Etc. -- James Kenneth DuVal found
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A lightly edited transcript of a page 1 article from the 9 Oct 1919 issue of the Simcoe Reformer.

James Kenneth DuVal

It is no exaggeration to say that Mrs. James DuVal, who resides on McCall Street, is the happiest mother in Simcoe today. 

The reason for this great happiness is obvious. Five years ago, when the great war that was to drench the world with the blood of millions broke out, her son, James Kenneth DuVal, then 16 years of age, was a Second Form student at Simcoe High School, a sturdy boy who tipped the scales at 145 pounds, and well over the average height for a lad of his years.

The spirit of patriotism and a longing to take part in the great adventure burned strong in Kenneth. Vainly he sought his mother's sanction to enlist. But while the mother was proud of her son's fine spirit, she could not, in view of his tender years, accede to his request.

For a time the boy seemed to be willing to abide by his mother's decision. Then, on 3 Dec 1914, Kenneth DuVal disappeared. That day the boy went to the bank and drew his account, for he was a thrifty lad, and had saved a neat sum from work out of school hours. Had the earth suddenly opened and swallowed him up, he could not have dropped out of sight more completely.

Every effort was made to locate him. Circulars bearing his photo and description were sent out over the country. Advertisements were inserted in Canadian, American and English newspapers. No clue, however remote, that might lead to the discovery of his whereabouts was overlooked, to no avail.

Weeks rolled into months, and months into years, but still no work came of the missing boy. Finally the heart-wrenched mother gave her boy up for lost.

The only possible solution seemed to be that he had  enlisted under an assumed name, gone to France, and there paid the great sacrifice demanded of hosts of other gallant lads. When the war ceased last November, and still no word came from her son, Mrs. DuVal had almost resigned herself to the fact that such had been her boy's end.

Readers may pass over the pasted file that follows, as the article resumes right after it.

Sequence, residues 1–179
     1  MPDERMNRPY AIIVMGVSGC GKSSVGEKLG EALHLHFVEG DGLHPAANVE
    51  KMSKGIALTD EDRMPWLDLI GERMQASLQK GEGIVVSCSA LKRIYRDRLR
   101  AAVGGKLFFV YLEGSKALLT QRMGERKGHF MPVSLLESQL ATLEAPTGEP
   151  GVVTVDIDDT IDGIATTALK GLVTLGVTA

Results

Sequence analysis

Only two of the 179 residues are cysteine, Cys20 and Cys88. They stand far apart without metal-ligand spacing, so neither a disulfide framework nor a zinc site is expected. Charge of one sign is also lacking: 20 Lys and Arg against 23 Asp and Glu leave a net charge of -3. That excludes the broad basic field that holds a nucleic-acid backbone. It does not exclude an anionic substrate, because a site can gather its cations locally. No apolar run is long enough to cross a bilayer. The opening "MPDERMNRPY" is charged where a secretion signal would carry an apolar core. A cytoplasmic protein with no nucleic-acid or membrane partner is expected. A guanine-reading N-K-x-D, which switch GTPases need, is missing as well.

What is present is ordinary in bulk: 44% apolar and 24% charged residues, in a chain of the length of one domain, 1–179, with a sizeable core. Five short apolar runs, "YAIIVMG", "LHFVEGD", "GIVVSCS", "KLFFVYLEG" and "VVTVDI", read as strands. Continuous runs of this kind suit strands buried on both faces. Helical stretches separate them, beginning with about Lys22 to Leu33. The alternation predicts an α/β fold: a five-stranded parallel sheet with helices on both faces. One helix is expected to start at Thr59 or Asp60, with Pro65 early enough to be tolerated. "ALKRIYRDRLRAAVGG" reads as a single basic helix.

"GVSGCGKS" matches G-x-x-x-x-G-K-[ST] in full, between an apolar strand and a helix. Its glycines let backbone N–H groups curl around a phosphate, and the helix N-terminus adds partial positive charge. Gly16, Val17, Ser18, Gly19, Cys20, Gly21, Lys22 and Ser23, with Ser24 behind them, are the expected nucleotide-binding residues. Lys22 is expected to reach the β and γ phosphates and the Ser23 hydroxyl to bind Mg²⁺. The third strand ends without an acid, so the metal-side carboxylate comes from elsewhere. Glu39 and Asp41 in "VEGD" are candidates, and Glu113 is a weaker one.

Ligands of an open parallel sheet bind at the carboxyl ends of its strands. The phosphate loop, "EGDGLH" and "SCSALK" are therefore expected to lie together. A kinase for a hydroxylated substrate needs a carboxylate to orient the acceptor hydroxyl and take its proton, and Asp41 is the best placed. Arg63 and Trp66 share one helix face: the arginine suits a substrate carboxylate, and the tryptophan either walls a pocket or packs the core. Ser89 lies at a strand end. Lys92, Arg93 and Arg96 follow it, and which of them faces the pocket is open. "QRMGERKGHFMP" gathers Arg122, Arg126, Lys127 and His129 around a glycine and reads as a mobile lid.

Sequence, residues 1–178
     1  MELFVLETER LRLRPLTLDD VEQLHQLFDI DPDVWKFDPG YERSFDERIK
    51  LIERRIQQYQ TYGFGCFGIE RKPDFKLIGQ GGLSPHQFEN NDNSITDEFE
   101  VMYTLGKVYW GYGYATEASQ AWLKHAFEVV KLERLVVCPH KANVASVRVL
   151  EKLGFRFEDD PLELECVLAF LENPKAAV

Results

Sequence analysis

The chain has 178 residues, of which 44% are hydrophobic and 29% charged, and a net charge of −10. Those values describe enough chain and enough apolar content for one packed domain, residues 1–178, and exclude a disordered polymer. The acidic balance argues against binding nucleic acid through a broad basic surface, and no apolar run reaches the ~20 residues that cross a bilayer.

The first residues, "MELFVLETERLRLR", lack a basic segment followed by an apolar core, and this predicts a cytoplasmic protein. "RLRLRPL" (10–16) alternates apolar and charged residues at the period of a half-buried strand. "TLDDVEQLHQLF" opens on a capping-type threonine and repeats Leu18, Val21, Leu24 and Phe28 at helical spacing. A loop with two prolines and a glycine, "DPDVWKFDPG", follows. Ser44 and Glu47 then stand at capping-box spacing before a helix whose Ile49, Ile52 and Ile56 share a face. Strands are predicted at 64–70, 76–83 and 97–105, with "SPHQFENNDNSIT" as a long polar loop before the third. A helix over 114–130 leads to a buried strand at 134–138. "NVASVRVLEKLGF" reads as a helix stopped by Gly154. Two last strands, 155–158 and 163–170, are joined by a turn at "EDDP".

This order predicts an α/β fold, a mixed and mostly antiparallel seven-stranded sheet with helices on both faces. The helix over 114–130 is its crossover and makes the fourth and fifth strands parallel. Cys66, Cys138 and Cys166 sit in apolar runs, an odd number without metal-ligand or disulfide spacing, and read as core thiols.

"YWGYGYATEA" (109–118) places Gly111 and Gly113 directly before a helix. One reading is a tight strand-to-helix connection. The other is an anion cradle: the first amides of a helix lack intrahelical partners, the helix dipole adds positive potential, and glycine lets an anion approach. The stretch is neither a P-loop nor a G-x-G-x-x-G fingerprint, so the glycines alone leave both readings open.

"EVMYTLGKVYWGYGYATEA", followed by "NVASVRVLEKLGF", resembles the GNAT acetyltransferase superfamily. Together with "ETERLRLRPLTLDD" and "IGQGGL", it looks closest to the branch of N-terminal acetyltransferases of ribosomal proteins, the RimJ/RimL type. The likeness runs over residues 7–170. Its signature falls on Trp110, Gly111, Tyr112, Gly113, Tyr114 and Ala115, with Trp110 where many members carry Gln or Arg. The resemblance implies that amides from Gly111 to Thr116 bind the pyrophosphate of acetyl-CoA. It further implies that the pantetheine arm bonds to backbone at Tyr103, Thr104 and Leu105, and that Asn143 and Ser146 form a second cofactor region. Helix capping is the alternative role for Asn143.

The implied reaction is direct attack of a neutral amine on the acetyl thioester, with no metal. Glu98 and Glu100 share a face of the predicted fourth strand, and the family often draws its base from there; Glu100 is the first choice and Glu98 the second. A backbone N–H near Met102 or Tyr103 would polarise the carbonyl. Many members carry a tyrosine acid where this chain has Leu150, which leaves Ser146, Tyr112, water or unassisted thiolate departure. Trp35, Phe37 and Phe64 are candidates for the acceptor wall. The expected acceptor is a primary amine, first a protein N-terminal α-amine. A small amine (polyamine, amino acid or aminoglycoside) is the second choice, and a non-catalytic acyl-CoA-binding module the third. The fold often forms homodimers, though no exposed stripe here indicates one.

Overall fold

Fate however was kinder to Kenneth DuVal. Monday of this week his mother received a letter written by her boy to a chum, from Baumbach, near Coblenz, Germany, where he is now in the Headquarters Company, 342nd U.S. Field Artillery, with the American Army of occupation.

This letter had been travelling since March last, but for some reason the the addressee could not be located. The letter, it is supposed, eventually found its way to the United States record office, and the authorities there had evidently been sent on the writer's mother in the hope that she would be about to forward it to its intended destination.

From this circumstance it would appear that the boy, upon enlisting with Uncle Sam's forces, had given his mother's name as his next of kin.

Thus a letter gone astray has been the means of bringing great joy to the mother who had given her boy up for dead. As Mrs. DuVal said to a Reformer man who called on her Tuesday afternoon: "For two days I have been so happy that I have been unable to do my work about the house. But then, I have also had many bitter days and nights these past five years."

Mrs. DuVal has written Kenneth's unit commander, and hopes soon to be in direct communication with her boy.

The supposition is that after leaving Simcoe, the lad tried vainly to attach himself to the Canadian forces, but was unable to do so owing to his youth. Failing this he likely crossed to the United States, where he took up work until, when that country was drawn into the war a few years later, he offered himself for enlistment and was accepted in the American Army.

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